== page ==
In that old model, we humans placed ourselves at the top, holding power over the rest of nature, and that’s exactly how we got ourselves into the deep trouble we’re now in. It will take reimagining community to help us meet the ecological crises, which are by definition fractures in the wider community of Earth. It will take reimagining community as connecting all its members in loving support before we can look at the nature in our own yard or neighborhood or region and experience all its diverse parts as connected to one another and enhancing one another and crucial to the health of the whole.
Many people today are working on this new imagination, and I’ve added information about some of them on my website next to the transcript from today. But there is room here for much more creativity, and especially for each one of us to nudge our own imaginations toward more nourishing images of community, and then to bring those images to life in the places where we live.
Here’s wishing for you to be surrounded by those who love you and encourage you and support you in releasing your truest gifts into the world. May you offer your gifts freely and know the support of human and natural worlds alike.
And one more thing? Please wear a mask.
For more info:
Ed Yong at The Atlantic is writing thought-provoking pieces about the pandemic, and a recent one looks at fractures in American society that weaken our collective response: “America Is Trapped in a Pandemic Spiral.” Even aside from disastrous mismanagement and neglect at the center of American government, Yong argues that basic errors in our collective thinking are getting in our way.
If you’ve never watched Sir Ken Robinson’s 2010 talk, “Changing Paradigms,” on shifting the industrial assembly-line model of education, it includes some amazing whiteboard animation by RSA Animate. The concept of “turning students out in batches” comes from that talk.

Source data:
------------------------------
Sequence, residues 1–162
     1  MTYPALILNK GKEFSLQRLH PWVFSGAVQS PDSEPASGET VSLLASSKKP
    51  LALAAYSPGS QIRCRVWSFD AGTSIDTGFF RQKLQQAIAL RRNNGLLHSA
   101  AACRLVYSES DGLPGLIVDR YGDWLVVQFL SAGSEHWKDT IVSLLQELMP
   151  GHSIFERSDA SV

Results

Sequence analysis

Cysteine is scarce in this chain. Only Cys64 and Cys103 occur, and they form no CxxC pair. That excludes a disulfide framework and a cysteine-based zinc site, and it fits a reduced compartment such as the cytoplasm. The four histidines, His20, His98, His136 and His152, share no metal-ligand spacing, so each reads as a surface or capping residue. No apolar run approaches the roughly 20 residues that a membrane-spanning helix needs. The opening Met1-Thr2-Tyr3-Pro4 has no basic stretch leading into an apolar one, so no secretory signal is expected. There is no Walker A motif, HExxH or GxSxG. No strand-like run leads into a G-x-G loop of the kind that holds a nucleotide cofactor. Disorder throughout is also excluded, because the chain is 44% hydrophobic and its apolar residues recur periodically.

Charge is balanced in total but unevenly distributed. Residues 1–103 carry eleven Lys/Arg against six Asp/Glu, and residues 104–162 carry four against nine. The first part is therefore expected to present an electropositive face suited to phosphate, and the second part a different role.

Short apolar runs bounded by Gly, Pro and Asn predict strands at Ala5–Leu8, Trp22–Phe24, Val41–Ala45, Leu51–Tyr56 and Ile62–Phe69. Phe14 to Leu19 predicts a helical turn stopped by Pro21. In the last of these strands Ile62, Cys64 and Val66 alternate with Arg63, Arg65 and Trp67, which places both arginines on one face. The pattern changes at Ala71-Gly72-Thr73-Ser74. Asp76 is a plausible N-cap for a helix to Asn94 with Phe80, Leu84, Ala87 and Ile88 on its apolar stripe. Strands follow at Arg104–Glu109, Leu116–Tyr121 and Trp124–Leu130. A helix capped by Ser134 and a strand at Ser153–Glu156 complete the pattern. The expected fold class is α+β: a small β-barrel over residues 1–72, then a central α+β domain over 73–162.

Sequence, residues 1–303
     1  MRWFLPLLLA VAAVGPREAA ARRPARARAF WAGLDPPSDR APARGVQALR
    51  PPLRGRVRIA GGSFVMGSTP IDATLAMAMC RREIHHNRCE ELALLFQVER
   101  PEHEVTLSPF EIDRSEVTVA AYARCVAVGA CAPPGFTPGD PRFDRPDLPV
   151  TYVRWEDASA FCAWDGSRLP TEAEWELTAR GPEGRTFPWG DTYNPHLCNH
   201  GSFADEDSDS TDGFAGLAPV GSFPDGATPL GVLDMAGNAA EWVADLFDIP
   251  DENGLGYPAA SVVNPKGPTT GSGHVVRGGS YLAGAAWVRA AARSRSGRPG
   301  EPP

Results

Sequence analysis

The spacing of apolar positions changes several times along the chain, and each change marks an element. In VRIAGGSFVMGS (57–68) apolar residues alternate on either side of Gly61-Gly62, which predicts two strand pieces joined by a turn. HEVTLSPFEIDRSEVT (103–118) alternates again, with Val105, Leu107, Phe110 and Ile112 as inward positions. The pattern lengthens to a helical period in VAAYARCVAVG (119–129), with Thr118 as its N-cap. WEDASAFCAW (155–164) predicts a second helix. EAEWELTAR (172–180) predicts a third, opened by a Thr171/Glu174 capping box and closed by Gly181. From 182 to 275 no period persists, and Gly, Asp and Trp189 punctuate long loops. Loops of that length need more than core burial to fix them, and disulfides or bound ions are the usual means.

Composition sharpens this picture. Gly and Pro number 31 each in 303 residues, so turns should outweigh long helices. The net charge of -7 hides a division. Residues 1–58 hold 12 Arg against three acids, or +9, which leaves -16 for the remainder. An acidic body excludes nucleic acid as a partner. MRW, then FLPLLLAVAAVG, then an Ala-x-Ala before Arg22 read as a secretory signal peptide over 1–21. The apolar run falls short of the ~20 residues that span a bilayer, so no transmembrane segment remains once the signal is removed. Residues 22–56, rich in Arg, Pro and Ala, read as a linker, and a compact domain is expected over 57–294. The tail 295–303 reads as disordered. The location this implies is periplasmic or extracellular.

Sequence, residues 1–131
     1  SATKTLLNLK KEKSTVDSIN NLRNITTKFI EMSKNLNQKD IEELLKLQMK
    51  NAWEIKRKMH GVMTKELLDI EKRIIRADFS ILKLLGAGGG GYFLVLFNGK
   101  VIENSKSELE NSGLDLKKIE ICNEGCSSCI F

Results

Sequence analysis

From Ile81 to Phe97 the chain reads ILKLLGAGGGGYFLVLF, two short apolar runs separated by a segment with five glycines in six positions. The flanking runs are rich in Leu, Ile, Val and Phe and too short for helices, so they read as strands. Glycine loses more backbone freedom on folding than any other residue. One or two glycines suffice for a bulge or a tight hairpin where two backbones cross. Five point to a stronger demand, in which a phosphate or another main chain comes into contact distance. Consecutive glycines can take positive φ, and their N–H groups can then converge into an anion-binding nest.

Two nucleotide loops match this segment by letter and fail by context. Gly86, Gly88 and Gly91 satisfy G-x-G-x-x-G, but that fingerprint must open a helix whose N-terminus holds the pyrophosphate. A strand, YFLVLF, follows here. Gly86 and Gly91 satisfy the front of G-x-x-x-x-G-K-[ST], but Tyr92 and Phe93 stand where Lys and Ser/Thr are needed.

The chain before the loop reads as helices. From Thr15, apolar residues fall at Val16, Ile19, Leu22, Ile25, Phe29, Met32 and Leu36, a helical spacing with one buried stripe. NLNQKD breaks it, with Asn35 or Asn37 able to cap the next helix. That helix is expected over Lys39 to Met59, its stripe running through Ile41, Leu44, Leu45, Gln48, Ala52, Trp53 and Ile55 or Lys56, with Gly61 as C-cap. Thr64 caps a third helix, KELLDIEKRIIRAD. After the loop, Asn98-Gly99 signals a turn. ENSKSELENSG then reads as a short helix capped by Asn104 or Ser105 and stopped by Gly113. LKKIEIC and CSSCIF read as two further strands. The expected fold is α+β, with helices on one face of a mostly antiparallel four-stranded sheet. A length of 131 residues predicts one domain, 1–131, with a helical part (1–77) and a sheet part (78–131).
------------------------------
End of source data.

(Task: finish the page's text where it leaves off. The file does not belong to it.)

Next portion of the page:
I found George Sefa Dei’s comments about individual and community supporting each other in “Afrocentricity: A Cornerstone of Pedagogy,” Anthropology and Education Quarterly 25, no. 1 (March 1994). Dr. Dei gave a TEDx talk on being an Indigenous scholar that is available on YouTube.
A few years after I attended Sobonfu and Malidoma Somé’s workshop on grieving, I became the development editor for Malidoma’s book The Healing Wisdom of Africa: Finding Life Purpose Through Nature, Ritual, and Community, which is one long meditation and guidebook on building communities that exist to support and nourish individual members. Malidoma continues to offer teachings and programs in African spirituality and in connecting with nature and community.
The School of Lost Borders is a group in southern California that for nearly forty years has been leading people in building their connections with other humans and with the rest of nature through rites of passage and wilderness fasts. They have accumulated much wisdom about fostering authentic community.
The 8 Shields organization also offers classes and programs in building authentic community with others and nature in various parts of the world. It was founded by Jon Young, one of the authors of a huge guidebook of ideas and exercises for connecting with nature called Coyote’s Guide to Connecting with Nature.
My book Kissed by a Fox is in part an extended meditation on this very old tendency in the Western world to pit individual against community. It includes stories and examples of various Indigenous cultures that imagine their communities differently, with the implication that friendlier ideas about human community go along with friendlier relations with the natural world as well.
Story developing now:
In the wee hours of this morning the world learned that Donald Trump and Melania Trump both tested positive for the coronavirus. Andy Slavitt, who helped bring the Affordable Care Act into being in the Obama administration, hosts a terrific and informative podcast on the pandemic called In the Bubble. Today he published a special episode, “Breaking: Trump’s COVID Diagnosis,” with some pointed remarks on what needs to happen next.